KIRO7 talked with Mansour that night decades ago.
"Flipping in the air and hitting right to the right," Mansour said at the time.
On Sunday, Mansour’s description of the crash nearly matched what he said 25 years ago.
“It was completely in the air. It was just unbelievable. It flipped, and the back of it hit the huge cement pole,” he said.
The date of the crash was Nov. 27, 1993, a time when most people didn't have cellphones.
But Mansour happened to be right there, happened to have a phone, and made the call to 911.
“I was screaming on the phone. ‘Please, we need you, as soon as possible, people are going to die,’” Gus said.
Four people in the car did die - including an 11-month-old boy. But Mansour’s call got first responders there in time to save 17-year-old Kimberly Saitta.
She spent more than eight months in the hospital.
“I basically broke every part of my body. My feet were hanging off. I had brain injuries, my eyes were out,” Saitta said.
Decades later, only the physical pain has faded.
“I suffer from anxiety and panic attacks and I can't drive very well,” Saitta said. “I think about it all the time.”
During a particularly dark time last month, Saitta decided to start looking for peace.
“Flashbacks started coming and I felt very suicidal even though it's been 25 years,” she said. “That's why I'm trying to look for closure.”
Saitta searched for and found found the person she's always credited for saving her life: the man who called 911.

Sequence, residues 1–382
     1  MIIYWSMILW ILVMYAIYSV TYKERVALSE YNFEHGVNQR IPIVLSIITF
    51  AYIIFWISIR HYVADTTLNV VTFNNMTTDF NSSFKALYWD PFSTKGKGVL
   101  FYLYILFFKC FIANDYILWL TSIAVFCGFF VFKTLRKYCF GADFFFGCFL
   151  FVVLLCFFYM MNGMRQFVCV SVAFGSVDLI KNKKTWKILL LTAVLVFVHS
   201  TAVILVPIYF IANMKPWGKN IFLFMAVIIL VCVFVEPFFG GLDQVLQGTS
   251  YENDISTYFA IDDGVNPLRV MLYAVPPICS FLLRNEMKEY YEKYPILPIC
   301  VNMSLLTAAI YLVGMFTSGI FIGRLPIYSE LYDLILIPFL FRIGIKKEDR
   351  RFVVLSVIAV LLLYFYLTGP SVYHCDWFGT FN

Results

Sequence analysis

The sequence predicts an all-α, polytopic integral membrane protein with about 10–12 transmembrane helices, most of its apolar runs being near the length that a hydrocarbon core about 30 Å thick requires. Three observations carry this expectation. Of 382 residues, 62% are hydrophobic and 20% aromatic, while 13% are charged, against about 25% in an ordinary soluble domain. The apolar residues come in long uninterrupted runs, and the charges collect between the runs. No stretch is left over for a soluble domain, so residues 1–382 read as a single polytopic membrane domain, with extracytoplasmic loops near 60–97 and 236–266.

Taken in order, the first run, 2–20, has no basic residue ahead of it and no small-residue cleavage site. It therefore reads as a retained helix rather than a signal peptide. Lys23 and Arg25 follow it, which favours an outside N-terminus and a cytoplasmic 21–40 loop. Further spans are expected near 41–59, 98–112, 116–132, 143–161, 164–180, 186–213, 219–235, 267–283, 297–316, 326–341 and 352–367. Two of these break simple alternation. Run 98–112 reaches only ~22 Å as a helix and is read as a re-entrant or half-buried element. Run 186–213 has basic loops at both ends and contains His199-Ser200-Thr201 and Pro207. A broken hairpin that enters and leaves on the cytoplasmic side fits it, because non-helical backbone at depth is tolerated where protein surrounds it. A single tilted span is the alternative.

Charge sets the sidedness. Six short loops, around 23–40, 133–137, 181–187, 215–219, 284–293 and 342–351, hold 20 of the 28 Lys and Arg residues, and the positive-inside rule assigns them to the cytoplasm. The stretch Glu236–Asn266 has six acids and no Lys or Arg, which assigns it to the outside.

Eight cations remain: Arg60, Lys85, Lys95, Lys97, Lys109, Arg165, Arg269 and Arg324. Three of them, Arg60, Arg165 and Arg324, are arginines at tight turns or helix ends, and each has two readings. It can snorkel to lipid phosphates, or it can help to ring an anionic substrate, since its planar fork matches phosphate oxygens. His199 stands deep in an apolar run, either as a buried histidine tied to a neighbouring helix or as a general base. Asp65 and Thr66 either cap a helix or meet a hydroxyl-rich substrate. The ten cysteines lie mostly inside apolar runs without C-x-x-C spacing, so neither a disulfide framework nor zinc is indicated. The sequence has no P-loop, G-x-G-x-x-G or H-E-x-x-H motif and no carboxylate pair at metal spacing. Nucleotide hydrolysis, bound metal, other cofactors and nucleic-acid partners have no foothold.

On Sunday, they met in Renton, reuniting for the first time.
Mansour walked down the sidewalk with a bouquet of flowers. Saitta watched him, choking up, then ran to him. The two hugged as Saitta burst into tears.
“If he didn't call (911) then I could've been sitting there for 20, 30 minutes. We don't know. So I say, ‘Gus saved my life.’ I don't care what he says,” Saitta said laughing.
Upon her request, we showed Saitta KIRO7’s coverage of the crash.
For the first time, she saw video of the wreckage. Again, saw the face of her best friend.
“I love you, Chrissy,” Saitta whispered through tears as Chrissy’s photo appeared on the screen.
And she saw her father who died last year.
“I feel very fortunate. I feel that the good Lord saved her,” her dad said in 1993.
Saitta said finding Mansour is already helping. She’s forming new, happy memories in a place where there was only pain.
“I'm not letting him go,” Saitta said.
“Yes, we will remain friends forever,” Mansour said.
Saitta says she believes God saved her for a reason.
After the accident, doctors told her she would never be able to have kids, but she has two children.
Saitta says she named them both after victims who died in the crash.